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Musings 38, The Eyes of Love

The eyes of love start in the mirror. Perhaps this sounds narcissistic; we are not taught to love ourselves. Parents and others find and try to correct our faults. “I don’t like that outfit you are wearing,” or “You should comb your hair.” They do not want to be mean, but they want to see a more perfect vision of us. Often when we look into the mirror, we see a vision that needs correcting.

In the mirror freckles, pimples, wrinkles are magnified. Curly hair or straight hair, not just-right hair, add to gray, white, or no hair. It’s just not fair. But– there’s hope.

God is not aware of minor imperfections. God loves us as he made us. Now, I’m not saying we should not wash our face or comb our hair. We live outside the mirror, too. But perhaps we should look into the mirror and say, “I’m pretty great. I’m good. I get better every day, and I see me as God sees me, with Love attached.”

Being  grateful for our loving God and praising him for his handiwork returns his favor. God sees us through the eyes of love, and we are worthy of his love. Despite our flaws, our imperfections, we must love ourselves and distribute that love to others.

When we look into the mirror, the eyes of love stare back at us.

(Psalm 91: 10) 70 years are given to us. Some even live to 80. But even the best years are filled with pain and trouble.

(Romans 8: 38) I am convinced that nothing can ever separate us from God’s love.

(2 Thessalonians 3: 13) Paul writes again- I am convinced that nothing can ever separate us from God’s love. In 2:3 he continues – Don’t let yourselves be fooled by what others say.

(Ephesians 4: 3) Be kind to each other, tenderhearted and forgiving, just as God, through Christ, loves you.

 

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Musings 37, Fear Not

Is it ever possible to live without fear? Today, after months of drought, it is raining. Not a gentle rain, but a major storm that beats down on the dry, burned hillsides and causes mud to slide down on hapless victims. News media give warnings, to take heed and prepare sandbags, or use plastic tarps to cover vulnerable areas. Stay indoors and off rain slicked roads. Use your fear to keep safe, we are warned. Fear is a natural reaction when we encounter something different from normal.

Courage is the antidote to fear. Consider Daniel who was thrown into the lion’s den. He did not want to go there, but he used his courage to confront the natural proclivity of lions and to keep them subdued. God was at his side, and God always helps when we face danger. I’m sure he must have told Daniel to proceed with caution and courage.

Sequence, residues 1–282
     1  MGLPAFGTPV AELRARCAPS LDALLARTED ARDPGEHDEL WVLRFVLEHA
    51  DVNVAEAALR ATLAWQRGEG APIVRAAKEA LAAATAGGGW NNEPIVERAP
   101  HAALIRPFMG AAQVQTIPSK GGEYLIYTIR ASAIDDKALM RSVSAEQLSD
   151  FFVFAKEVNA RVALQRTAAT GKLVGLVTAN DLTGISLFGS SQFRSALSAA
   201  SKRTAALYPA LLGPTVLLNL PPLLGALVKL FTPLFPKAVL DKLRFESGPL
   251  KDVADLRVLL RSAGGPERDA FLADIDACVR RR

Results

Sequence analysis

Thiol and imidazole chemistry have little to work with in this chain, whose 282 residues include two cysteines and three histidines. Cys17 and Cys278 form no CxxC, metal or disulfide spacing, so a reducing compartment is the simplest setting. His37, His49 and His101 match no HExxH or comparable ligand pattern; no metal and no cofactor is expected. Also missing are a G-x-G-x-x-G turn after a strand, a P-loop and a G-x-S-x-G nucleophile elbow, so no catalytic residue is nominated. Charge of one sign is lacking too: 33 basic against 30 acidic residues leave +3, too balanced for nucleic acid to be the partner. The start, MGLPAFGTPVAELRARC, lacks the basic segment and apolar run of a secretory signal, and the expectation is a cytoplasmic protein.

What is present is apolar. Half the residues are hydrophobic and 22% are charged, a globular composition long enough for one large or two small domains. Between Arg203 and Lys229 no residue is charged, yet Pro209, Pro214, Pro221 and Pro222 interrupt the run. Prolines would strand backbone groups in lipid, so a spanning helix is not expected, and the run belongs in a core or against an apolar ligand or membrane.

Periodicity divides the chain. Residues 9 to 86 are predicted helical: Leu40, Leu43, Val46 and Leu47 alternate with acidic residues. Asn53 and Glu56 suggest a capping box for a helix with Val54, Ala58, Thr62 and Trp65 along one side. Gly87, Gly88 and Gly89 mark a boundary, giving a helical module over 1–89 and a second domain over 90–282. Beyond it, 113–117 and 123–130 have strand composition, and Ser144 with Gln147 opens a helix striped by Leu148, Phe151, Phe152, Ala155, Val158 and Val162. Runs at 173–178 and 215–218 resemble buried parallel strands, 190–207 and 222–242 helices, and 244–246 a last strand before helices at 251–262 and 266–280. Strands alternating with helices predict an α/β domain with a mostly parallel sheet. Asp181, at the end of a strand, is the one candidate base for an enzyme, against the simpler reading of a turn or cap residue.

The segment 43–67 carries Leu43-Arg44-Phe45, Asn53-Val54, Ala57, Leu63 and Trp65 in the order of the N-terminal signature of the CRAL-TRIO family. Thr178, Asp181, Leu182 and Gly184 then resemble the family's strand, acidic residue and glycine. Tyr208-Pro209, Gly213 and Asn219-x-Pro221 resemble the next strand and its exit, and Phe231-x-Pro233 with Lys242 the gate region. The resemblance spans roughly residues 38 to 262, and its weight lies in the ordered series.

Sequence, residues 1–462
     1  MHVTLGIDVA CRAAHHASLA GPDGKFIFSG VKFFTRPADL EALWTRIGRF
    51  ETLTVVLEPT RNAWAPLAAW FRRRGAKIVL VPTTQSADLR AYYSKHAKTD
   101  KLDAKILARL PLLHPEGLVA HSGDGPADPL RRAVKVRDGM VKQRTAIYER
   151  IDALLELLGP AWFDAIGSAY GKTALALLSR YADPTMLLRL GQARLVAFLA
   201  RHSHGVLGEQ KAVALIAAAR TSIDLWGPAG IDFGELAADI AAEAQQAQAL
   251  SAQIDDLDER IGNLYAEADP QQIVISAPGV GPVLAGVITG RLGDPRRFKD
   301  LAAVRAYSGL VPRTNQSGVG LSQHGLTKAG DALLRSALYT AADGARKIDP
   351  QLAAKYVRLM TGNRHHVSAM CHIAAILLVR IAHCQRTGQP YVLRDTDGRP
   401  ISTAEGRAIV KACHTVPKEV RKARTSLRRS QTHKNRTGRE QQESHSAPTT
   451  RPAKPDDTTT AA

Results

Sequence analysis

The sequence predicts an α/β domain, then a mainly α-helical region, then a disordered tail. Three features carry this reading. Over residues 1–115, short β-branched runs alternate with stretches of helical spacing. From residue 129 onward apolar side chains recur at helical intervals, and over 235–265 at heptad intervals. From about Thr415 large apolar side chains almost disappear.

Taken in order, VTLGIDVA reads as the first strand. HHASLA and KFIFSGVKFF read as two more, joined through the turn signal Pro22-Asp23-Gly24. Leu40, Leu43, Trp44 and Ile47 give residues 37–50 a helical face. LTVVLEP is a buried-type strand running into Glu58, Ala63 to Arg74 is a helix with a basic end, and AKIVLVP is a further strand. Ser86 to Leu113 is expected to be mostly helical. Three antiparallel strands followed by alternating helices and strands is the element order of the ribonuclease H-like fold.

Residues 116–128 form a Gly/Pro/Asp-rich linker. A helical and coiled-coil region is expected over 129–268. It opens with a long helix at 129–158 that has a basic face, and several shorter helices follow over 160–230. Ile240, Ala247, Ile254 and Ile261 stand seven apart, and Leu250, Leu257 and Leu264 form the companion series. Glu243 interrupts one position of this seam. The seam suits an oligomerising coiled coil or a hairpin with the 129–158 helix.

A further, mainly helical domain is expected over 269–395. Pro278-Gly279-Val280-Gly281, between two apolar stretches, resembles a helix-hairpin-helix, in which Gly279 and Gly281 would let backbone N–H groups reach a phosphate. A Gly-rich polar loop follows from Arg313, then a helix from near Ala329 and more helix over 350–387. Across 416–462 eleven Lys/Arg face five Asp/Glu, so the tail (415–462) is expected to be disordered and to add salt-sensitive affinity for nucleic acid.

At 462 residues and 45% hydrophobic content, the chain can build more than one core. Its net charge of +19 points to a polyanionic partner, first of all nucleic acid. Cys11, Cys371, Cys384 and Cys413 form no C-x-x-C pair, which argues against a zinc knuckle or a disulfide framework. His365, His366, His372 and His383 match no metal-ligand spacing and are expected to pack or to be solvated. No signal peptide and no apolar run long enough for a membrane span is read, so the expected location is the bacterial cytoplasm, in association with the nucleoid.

We need to stand up for what is right, or those who wish us harm will triumph. When the shepherds in the field saw angels, they must have been frightened, for the angels had to tell them not to be afraid. Fear is a natural instinct to protect us from harm. I think if I saw an angel, I would want to call the police. Maybe angels have a soothing presence that would overcome any fear of them.

There are answers to my fears in the Bible. Let me share some with you –

(Luke 2: 8-10) And the angel said to the shepherds, “Fear not, for I bring you good tidings of great joy. For unto you is born this day a savior which is Christ the Lord.”

(John 3: 5) Whoever believes in him shall not perish, but have everlasting life.

(Philippians 4: 4) Be careful for nothing (don’t be afraid of anything): but in all things by prayer and supplication let your requests be made known to God.

(Philippians 4: 13) and Paul continues, “I can do all things through Christ who strengthens me.”

– and so can we. We’re stronger than we think, and have abundant courage with faith in God.

 

 

 

 

Musings 36, Night Light

My friend Mary is disturbed to see the Christmas trees littering the street for pick up before the New Year is here. “My family always left the tree up until after the Feast of the Epiphany on January 7th,” she told me. Sadly, the trees, bought at Home Depot and Target, are dry and falling. “Better to remove them before they ignite,” I mourned, but Christmas is not over. It is with us forever, and we must keep it.